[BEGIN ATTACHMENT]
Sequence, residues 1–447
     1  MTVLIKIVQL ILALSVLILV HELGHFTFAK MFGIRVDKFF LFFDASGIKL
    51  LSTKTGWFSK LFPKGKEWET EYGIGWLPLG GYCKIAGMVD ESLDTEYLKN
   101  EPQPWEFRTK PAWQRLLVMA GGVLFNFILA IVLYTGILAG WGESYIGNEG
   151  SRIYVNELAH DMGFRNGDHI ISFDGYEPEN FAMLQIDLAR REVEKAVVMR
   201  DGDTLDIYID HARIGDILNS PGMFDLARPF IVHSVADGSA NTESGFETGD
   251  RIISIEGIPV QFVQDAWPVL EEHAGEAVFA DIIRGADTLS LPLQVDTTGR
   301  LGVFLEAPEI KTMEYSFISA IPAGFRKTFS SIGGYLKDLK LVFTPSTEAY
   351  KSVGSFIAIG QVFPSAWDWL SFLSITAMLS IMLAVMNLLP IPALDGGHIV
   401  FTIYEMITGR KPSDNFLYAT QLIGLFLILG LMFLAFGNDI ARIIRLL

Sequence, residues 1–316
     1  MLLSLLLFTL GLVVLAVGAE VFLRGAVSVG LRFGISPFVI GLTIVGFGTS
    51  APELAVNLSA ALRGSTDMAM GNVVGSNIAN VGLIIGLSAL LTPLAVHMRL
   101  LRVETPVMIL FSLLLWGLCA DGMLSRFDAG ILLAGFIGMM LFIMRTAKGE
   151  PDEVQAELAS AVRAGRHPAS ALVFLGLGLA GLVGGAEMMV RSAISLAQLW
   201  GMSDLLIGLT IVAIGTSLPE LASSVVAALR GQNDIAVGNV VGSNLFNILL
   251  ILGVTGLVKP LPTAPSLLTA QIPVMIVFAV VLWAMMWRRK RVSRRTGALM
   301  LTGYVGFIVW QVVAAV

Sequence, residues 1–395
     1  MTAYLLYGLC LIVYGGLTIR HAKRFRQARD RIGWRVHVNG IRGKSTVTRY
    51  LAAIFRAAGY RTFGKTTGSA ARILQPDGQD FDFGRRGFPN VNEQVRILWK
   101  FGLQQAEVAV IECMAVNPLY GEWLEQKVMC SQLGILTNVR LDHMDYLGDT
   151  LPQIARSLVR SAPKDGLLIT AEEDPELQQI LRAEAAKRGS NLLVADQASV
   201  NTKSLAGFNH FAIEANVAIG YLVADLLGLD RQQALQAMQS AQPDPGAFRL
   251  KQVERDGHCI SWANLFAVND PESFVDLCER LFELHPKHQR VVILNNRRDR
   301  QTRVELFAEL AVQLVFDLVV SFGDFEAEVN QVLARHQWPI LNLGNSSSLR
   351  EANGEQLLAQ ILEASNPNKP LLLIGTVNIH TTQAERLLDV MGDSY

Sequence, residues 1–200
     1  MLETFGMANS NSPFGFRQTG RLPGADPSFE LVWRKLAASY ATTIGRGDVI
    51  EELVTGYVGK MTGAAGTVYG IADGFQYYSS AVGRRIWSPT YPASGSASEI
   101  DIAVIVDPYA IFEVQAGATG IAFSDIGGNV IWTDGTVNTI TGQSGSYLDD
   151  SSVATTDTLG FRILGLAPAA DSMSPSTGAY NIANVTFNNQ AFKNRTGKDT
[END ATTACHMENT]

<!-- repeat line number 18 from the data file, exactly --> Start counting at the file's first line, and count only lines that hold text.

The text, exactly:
   301  LTGYVGFIVW QVVAAV